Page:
Christoph Büchel is the latest artist to focus on the issue of migration. But the project—which includes accommodating 12 refugees at S.M.A.K. (the Municipal Museum for Contemporary Art) in Ghent, Belgium—has, until now, remained under the radar. A refugee camp has been constructed in the grounds of the museum, resembling the infamous former Jungle site in Calais, as part of an exhibition organised by the Swiss artist (Verlust der Mitte, until 27 August).
In the show, visitors first encounter rooms dedicated to art by the Cobra group of painters, among other schools, filled with mattresses and containing belongings such as clothing and luggage that reflect the experiences of different migrants. Publicity-averse Büchel has selected the Cobra works on display, along with Pop art and Minimalist works. “There is a friction between art and reality, which suddenly slides into the museum,” says Philippe van Cauteren, S.M.A.K.’s artistic director.
Meanwhile, the 12 refugees live and work in the museum. “They come from Syria, Iraq, Somalia and Afghanistan. Not only do they reside in the museum, but in the community centre, they organise and take part in a programme of workshops as part of the exhibition,” Van Cauteren says. An open-air working market and an excavation site are part of the show, together with the makeshift refugee camp that recalls the demolished Calais site.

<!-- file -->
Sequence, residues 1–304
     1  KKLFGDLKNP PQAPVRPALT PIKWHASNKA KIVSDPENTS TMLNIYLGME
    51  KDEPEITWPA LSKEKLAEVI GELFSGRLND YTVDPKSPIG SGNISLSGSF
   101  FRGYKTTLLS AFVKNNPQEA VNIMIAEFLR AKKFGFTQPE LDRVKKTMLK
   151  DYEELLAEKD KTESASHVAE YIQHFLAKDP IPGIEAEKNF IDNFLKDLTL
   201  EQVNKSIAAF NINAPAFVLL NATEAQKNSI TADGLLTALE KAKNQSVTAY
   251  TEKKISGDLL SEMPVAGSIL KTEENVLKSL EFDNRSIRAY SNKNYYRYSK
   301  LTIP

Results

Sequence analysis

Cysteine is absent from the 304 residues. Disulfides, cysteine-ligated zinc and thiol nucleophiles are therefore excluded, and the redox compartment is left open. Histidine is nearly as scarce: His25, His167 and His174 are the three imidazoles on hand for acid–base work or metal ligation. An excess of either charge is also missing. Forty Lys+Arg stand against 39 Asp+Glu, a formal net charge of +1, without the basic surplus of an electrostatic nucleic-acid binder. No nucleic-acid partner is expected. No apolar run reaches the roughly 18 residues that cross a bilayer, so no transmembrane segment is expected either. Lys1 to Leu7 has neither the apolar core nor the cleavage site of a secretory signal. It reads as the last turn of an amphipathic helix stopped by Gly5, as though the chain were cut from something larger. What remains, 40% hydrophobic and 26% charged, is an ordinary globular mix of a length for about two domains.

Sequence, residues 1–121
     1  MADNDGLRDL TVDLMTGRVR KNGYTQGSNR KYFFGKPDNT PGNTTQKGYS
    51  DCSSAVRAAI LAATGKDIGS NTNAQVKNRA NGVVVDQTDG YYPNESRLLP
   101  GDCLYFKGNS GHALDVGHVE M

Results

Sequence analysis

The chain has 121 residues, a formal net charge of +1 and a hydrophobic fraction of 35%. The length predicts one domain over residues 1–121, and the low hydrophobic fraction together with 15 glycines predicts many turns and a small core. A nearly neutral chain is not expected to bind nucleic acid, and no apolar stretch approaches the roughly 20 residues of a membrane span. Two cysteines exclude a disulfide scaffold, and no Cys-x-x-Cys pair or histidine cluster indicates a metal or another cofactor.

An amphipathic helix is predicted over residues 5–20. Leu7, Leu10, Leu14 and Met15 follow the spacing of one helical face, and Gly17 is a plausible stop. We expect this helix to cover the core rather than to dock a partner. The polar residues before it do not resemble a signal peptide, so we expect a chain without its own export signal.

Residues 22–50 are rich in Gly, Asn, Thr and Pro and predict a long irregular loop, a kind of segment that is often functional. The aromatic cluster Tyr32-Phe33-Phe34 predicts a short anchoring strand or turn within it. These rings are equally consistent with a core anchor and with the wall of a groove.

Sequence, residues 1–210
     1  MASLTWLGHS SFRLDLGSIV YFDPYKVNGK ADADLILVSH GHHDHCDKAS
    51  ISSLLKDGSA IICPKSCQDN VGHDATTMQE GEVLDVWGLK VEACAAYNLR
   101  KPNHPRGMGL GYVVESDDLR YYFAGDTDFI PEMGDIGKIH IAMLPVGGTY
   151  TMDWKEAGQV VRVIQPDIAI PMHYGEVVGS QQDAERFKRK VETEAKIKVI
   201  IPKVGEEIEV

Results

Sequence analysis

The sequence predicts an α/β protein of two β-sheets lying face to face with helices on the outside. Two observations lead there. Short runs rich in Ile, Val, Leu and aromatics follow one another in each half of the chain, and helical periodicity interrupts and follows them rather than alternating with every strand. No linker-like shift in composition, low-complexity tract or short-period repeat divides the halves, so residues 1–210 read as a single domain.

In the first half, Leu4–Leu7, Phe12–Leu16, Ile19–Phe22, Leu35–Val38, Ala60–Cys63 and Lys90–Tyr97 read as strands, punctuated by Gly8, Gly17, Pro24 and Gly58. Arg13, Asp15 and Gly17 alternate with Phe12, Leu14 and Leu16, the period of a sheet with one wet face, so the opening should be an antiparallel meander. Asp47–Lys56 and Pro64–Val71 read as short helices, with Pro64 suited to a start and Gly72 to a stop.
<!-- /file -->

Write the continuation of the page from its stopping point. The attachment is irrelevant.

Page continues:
A Congo investment fair, comprising various multinational companies offering “investment” opportunities in the central African state, is another element of the presentation. Büchel has also built a Congolese village consisting of six huts, which is at the heart of the exhibition. A mining shaft dug two metres into the floor of a hut reminds visitors that children in the Democratic Republic of the Congo are sent underground to gather minerals that are used to make mobile phones and other products.
Meanwhile, a specially constructed jungle houses various vitrines that display vegetation and stone samples, textiles, documents and ancient African artefacts on loan from a missionary museum near Ghent. The project brings to mind Belgium’s brutal colonial past; King Leopold II, for instance, decided to erect Congolese villages at the Brussels International Exhibition held in Tervuren, a town outside the capital, in 1897.
“Through the colonial history of Belgium, the artist reveals modes of operation and exploitation; the project shows in a neutral way the complicity of everything and everyone in systems of accumulation and profit,” Van Cauteren says.